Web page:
Wasps’ second unbeaten season, 1930/31, came during Swyer’s time at the helm, while the club’s powerful forward-based game also enabled it to go over four years and 50-plus matches unbeaten at home.
This upturn saw the club granted fixtures against a number of top-level clubs including London Scottish, Moseley, Richmond and London Welsh, while in 1933 Wasps reached the final of the Middlesex Sevens for the first time.
Neville Compton, the man regarded by many as Wasps’ most prominent pre-war player, featured in that Twickenham line-up, and he also became Wasps first Barbarian when he played against East Midlands in the Mobbs Memorial match.
When war arrived, the club was therefore in very good health, often running ten or more sides against a diverse range of opponents.
1939-63: World War Two and beyond
Rugby continued where possible during the Second World War, with Wasps being one of the fortunate clubs.
As a result, membership was opened up and a great many overseas servicemen took advantage, including 40 New Zealanders.
Neville Compton, who was in a reserved occupation, continued to feature as a goal-kicking second row, as he had since the mid-1920’s in a career which eventually spanned 21 seasons.
After this he served the club with distinction in a number of administrative roles prior to becoming President from 1970 to 73.
The temporary player arrangements during the war years also saw a number of internationals appear in black-and-gold, including players capped by Wales, Scotland and Ireland. In addition, two of the club’s own members, hooker Clarence Gilthorpe and scrum half Pat Sykes appeared for England in non-cap wartime internationals.
In 1947 a new stand – named after benefactor and former player Charles Bell – was constructed, which went on to serve the club for over 40 years.
And in 1949 a war memorial was erected which added 39 names from the 1939-45 conflict to those Wasps who lost their lives in World War One.
By now the club was again operating ten sides, with its first XV firmly among the elite, facing the likes of Cardiff, Gloucester, Coventry, Bath and Northampton on a regular basis.
Wasps lifted the prestigious Middlesex Sevens for the first time in 1948, when teenage wing sensation Ted Woodward made his first impression on the wider rugby public.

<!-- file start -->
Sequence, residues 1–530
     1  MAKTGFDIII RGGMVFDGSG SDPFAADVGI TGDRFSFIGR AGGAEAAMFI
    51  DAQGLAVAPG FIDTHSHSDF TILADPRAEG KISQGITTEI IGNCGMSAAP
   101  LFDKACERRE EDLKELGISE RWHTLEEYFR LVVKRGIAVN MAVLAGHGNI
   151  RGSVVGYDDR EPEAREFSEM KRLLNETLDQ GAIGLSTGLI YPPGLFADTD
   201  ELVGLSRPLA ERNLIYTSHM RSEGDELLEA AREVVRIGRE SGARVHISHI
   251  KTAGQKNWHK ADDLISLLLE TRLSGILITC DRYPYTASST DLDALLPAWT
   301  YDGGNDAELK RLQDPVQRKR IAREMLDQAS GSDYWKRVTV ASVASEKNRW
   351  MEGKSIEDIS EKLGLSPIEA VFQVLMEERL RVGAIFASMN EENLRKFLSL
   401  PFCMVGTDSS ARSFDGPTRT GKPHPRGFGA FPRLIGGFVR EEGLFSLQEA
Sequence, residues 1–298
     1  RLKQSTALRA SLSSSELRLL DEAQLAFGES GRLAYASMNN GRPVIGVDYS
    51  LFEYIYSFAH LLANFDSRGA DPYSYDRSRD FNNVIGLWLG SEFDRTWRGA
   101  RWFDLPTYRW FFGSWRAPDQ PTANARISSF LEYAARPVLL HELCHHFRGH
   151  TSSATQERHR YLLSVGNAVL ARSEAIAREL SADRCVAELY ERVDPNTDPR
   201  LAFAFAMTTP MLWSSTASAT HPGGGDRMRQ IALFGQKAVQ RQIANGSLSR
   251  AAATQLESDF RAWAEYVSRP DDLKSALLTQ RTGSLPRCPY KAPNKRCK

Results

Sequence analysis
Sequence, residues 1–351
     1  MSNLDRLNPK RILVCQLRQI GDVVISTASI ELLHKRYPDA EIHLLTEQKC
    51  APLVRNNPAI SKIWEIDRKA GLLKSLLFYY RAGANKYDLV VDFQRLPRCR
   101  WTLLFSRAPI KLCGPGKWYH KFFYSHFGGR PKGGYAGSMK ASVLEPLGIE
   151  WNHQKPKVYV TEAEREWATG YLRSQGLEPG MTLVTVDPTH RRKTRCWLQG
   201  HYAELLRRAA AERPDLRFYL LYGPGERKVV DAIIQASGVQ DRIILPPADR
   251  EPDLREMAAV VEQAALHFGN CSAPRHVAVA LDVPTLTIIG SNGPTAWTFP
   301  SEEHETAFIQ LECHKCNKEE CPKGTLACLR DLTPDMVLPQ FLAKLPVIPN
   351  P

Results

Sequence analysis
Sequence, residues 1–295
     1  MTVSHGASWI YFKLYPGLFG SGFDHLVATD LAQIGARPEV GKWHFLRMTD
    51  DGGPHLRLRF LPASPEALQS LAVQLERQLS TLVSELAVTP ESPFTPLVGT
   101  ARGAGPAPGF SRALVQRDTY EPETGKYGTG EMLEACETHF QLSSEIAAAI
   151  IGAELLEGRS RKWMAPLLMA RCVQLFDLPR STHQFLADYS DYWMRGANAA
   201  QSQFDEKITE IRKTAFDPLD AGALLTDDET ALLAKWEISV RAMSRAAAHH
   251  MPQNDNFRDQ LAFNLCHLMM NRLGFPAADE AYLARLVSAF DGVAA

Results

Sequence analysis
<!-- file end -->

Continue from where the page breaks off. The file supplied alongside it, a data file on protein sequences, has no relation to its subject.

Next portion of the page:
By the early 1950’s Wasps players were regularly winning selection for representative sides, and Woodward made his England debut against South Africa in 1952 while Bob Stirling who had recently joined the club from Leicester captained his country in the 1953 Five Nations.
Peter Yarranton also represented Wasps and England during this time, but it was for his post-playing days he will mostly be remembered as chairman of the Sports Council then RFU President.
By the end of the 1950’s Wasps regularly fielded 14 sides, while a membership of 1500 made it the biggest club in England and second biggest in Europe behind Paris-based Racing.
The club celebrated its 90thanniversary in style with a match at Twickenham, and by now flankers John Herbert and Ron Syrett had become full internationals.
Fly half Richard Sharp also became a Wasp in 1957, and went on to have an illustrious career for club and country.
This period also saw hooker Bill Treadwell make his first Wasps appearance, and more than half-a-century later the dentist - who many believe to be the finest stitcher of wounds around - remains an important part of the match-day team.
And with an impressive new clubhouse now in place thanks to a large donation from club member Reg Curner, and the work of another Wasp, architect Doug Harvey, the club approached its centenary season in good heart.